BOSTON--Microsoft's Software Assurance (SA) maintenance program will continue to be optional, even though it is less widely adopted than competitors' offerings.
Research company Gartner in April this year noted in a report that Microsoft could make its maintenance services mandatory by 2009. This is because the adoption of SA among Microsoft customers is lower than rivals SAP and Oracle, which have 90 to 95 percent, respectively, of their customers on their maintenance programs, Gartner said.
But Joe Matz, vice president of Microsoft's worldwide licensing and pricing, maintained that "SA is an optional program and there are no plans to change that". He was speaking on the sidelines of Microsoft's global partner conference held here this week.
Sunny Jensen Charlebois, Microsoft's senior product manager for worldwide licensing and pricing, was unable to provide details on how many of its customers have SA agreements.
Still, Gartner estimates that only half of Microsoft's customers with more than 1,000 desktops worldwide have purchased SA for Microsoft Office or the Windows platform, and only 65 percent of this clientele are renewing the maintenance program. Charlebois, however, said the renewal rate of SA agreements stands at 75 percent.
According to Gartner, uptake and renewal rates of maintenance programs are important because analysts and investors in enterprise software companies typically expect a very high percentage of customers to purchase and renew maintenance. They relish the predictability of this annuity stream, to complement the higher, but spiky license revenue stream.
To beef up adoption of its maintenance program, Microsoft in March introduced 18 new and enhanced SA benefits including 24-hour support, an increase in the number of available software training days, support during desktop deployments and access to Windows Vista Enterprise, a premium business edition of the company's upcoming operating system.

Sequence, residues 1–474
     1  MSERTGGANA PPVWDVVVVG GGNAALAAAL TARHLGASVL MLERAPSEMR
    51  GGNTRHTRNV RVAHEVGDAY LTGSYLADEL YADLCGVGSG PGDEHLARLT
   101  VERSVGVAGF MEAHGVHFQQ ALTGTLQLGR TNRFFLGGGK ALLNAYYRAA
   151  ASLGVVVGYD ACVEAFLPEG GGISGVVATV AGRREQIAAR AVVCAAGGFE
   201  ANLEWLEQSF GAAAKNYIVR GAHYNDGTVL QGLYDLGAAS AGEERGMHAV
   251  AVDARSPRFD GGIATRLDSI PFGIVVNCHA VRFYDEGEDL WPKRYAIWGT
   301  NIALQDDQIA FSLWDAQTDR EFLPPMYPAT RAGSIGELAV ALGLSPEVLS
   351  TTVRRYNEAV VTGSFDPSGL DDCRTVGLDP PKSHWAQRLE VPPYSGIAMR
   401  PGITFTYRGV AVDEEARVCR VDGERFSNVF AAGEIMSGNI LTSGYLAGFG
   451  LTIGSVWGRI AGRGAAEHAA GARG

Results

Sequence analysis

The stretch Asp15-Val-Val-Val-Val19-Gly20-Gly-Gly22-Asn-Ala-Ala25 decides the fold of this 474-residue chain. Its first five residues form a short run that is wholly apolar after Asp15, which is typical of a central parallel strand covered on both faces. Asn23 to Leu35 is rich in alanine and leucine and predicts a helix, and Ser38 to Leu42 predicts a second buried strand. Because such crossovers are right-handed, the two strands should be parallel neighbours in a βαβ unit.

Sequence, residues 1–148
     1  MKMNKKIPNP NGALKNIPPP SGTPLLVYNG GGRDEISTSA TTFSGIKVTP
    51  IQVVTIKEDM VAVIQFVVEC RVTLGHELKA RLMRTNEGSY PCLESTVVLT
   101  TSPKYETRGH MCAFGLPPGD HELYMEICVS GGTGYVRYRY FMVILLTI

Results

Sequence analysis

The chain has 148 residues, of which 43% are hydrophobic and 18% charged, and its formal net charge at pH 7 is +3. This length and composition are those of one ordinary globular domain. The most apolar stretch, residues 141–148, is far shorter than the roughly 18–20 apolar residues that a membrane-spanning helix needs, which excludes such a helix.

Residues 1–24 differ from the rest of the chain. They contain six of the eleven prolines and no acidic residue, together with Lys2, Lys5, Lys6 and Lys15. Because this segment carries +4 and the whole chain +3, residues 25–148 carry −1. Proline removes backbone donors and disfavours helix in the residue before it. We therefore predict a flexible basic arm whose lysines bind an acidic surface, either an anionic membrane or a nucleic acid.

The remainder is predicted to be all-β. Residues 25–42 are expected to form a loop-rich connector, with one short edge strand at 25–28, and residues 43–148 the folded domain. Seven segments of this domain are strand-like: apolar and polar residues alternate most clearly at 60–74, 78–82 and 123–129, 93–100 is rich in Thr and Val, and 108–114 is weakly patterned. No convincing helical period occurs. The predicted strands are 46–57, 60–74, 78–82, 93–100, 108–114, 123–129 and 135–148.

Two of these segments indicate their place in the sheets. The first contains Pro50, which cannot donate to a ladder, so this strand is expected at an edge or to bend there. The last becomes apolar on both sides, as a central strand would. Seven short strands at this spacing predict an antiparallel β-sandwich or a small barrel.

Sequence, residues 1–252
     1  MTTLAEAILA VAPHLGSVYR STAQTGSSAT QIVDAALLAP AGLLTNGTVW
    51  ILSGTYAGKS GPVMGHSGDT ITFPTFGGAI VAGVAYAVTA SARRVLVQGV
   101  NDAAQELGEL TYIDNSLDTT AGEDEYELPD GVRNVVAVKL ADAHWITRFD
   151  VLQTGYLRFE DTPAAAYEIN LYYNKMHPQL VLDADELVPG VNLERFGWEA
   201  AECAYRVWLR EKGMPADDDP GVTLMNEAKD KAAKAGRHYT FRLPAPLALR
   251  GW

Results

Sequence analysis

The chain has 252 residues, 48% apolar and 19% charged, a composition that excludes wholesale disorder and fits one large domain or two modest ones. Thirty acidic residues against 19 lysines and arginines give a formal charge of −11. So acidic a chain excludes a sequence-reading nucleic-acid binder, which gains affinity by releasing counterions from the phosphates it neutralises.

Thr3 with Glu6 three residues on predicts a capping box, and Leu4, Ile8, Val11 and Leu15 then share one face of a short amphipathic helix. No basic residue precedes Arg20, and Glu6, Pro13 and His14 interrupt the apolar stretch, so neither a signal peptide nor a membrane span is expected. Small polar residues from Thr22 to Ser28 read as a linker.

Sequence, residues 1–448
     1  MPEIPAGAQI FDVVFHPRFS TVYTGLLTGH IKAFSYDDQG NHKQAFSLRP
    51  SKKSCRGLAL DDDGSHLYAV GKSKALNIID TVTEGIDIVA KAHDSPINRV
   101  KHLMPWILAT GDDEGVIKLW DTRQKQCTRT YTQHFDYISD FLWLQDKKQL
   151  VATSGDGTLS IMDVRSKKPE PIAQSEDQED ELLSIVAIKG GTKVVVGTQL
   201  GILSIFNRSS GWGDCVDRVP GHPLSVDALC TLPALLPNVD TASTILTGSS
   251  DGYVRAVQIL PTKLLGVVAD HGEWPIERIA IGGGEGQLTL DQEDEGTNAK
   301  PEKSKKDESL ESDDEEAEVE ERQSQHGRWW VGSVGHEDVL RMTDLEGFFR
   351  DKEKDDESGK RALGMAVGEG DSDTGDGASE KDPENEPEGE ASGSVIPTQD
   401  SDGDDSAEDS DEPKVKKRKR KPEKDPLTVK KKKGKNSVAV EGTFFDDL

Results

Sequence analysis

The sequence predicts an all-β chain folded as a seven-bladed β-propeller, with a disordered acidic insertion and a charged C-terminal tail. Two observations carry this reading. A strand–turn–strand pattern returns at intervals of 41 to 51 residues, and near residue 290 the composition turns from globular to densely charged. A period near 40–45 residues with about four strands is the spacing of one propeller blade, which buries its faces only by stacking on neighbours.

To sweeten the deal further, Microsoft on Wednesday unveiled a program that turns older PCs--which cannot run Windows XP--into thin-clients. Called Windows Fundamentals for Legacy PCs, the software is exclusive to customers with SA agreements.
At the same time, to meet the needs of businesses that deploy virtualization technology, Microsoft also said it is giving Windows Vista Enterprise customers the right to install four copies of the operating system in virtual machines on a desktop for a single user.
Despite the added incentives, Gartner noted that many Microsoft customers are still lured to SA primarily because of the rights to software upgrades. As a result, when the gaps between Microsoft's new software releases and upgrades grow wider--in the case of Windows and SQL Server--customers start questioning the benefits of inking a maintenance deal with the software vendor.
But Matz reiterated that SA is more than just about upgrades. To help customers realize the benefits of the program, Microsoft also launched a Forrester ROI Software Assurance tool that allows customers to determine the value of benefits available in the maintenance service program.
He added: "A customer can now quantify the value of SA, and how it applies to them beyond software upgrades."
Matz also dismissed possibilities that Microsoft, keeping in line with industry practices, might turn its free software service packs into exclusive benefits for customers with maintenance agreements.
"We have no plans to charge for service packs," he said.
Gartner pointed out that while any move to charge for service packs could raise Microsoft's SA customer numbers by 30 percent, security patches are likely to remain free because of the negative impact on the Microsoft brand should a virus outbreak occur.
ZDNet Asia's Aaron Tan reported from Boston.